Oh wow, I was so amazed to find 2 big eggplants ready to harvest last week! It seemed like they were just little things just days before. My plants aren't loaded but what they've got is good sized and good quality. Both of these were seedless and not at all bitter. On the left is Sicilian, grown from seeds that I saved from one lone plant that I grew last year, and on the right is Bonica, an Italian hybrid. The Sicilian had a very white and slightly lacy interior, the Bonica was creamier colored and very solid, but neither had any seeds. I prepared these simply, just sliced into 1/2-inch rounds and pan fried in a little olive oil and then topped with a fresh tomato-basil-caper salsa.
First and last in this basket, the first ripe chile Manzanos and the last of the blueberries.
The Manzanos are quite spicy, at least for my wimpy palate, so I'll be making a hot sauce with them.
And the Pimento de Padrons finally produced enough peppers to fry up a nice bowlful.
The broccoli harvests are continuing, Di Ciccio is on the bottom and Purple Peacock is on the top. I wrote up a Saturday Spotlight post about the Di Ciccio broccoli yesterday (yeah, Sunday, I know).
The cucumbers keep trickling in. These are, from top to bottom, Tasty Green Japanese, Green Fingers Persian, and Tortarello Abruzzese.
And the zucchini keep on giving, and giving, and... (68 pounds so far)
Just a few tomatoes again, Jaune Flamme, Nyagous, and Galinas cherry are shown below and I ate the lone Isis Candy cherry tomato before it could be photographed. I have to keep reminding myself that the glut will happen, it's still August, the glut comes in September and October. Patience, I need more patience.
The French Gold filet beans produce a handful almost every day and it doesn't take long to accumulate a nice pile of them. The Spanish Musica beans are producing a second round of beautiful long flat big tender beans. These were great prepared using a simple method that I found on a Food52 post about Penelope Casas' Garlic Green Beans - check it out.
I prepared that dish by cutting these big beans on the diagonal in big pieces. My favorite way to cook these beans is to leave them whole, slick them with a bit of olive oil and grill them on a ridged stovetop griddle or on the BBQ until they are blistered and tender, dress them with some good vinegar, salt and pepper and chopped herbs. They make great finger food appetizers.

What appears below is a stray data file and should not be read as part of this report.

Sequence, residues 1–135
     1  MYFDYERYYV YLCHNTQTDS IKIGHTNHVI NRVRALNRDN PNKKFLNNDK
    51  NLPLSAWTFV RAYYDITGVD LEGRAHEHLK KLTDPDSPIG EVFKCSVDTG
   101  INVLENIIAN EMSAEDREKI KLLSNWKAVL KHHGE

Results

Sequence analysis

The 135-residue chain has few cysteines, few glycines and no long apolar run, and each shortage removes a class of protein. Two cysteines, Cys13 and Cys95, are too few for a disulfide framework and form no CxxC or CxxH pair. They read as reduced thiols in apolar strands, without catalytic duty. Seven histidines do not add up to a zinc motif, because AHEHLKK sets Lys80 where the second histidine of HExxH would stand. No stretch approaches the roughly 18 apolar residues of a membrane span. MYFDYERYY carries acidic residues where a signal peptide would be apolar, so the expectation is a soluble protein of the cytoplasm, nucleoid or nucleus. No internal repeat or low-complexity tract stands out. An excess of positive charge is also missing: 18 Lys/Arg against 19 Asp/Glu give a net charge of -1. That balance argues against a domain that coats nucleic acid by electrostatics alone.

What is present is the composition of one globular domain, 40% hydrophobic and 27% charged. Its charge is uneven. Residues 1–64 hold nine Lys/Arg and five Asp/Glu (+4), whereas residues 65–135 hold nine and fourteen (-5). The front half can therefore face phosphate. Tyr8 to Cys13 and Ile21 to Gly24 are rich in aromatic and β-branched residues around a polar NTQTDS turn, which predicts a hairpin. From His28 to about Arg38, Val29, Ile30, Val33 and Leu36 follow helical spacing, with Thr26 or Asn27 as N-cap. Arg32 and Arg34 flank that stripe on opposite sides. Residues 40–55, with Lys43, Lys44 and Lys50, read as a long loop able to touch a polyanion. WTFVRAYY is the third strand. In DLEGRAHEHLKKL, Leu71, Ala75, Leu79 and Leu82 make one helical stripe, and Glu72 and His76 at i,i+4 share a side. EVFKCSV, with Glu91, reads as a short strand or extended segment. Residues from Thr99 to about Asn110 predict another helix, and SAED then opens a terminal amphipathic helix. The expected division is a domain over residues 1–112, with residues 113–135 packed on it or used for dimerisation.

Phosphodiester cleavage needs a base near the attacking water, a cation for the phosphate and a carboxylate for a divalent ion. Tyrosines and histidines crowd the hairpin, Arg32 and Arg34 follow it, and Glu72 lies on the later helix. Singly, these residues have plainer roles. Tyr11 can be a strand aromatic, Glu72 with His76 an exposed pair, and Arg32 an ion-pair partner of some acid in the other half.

I also harvested another big but slighty funky looking Sugarsnax carrot that was grated and added to a smashed cucumber salad with tomatoes and shrimp.
I also harvested more green runner beans and I weighed more garlic. I'm not weighing all my garlic at once this year. It has been bundled into a faux braid and is hanging in my pantry and I weigh each head as I cut it from the bundle to be used.
The weather has warmed up and it seems like summer coastal California style may be starting. We've actually been able to dine outside a couple of evenings without wearing a parka! Although it does cool off quickly when the sun dips toward the horizon.
Here's the harvests for the past week:
French Gold filet beans - 1 lb., 2.4 oz.
Runner beans - 1 lb., 8.4 oz.
Spanish Musica beans - 1 lb., 13 oz.
Di Ciccio broccoli - 1 lb., 11.8 oz.
Purple Peacock broccoli - 10.4 oz.
Sugarsnax carrot - 7.6 oz. (one carrot!)
Garden Oasis cucumber - 6 oz.
Green Fingers Persian cucumbers - 15.4 oz.
Tasty Green Japanese cucumbers - 6.4 oz.
Tortarello Abruzzese cucumbers - 3 lb., 2.1 oz.
Bonica eggplant - 14.2 oz.
Sicilian eggplant - 12.7 oz.
Red Janice garlic - 2.3 oz.
Manzano chiles - 1 lb., 1.4 oz.
Pimento de Padron peppers - 7.5 oz.
Galinas cherry tomatoes - 1.1 oz.
Isis Candy cherry tomato - .4 oz.
Jaune Flamme tomatoes - 2.8 oz.
Nyagous tomatoes - 6.6 oz.
Ortolano di Faenza zucchini - 1 lb., 7.5 oz.
Romanesco zucchini - 5 lb., 14.6 oz.
The harvest totals for the week came to - 23 lb., 10.6 oz.
Which pushes the total for the year over the 300 pound mark - 317 lb., 14.2 oz. to be more precise
Harvest Monday is hosted by Daphne on her blog Daphne's Dandelions, head on over there to see what garden bloggers from around the world have been harvesting lately.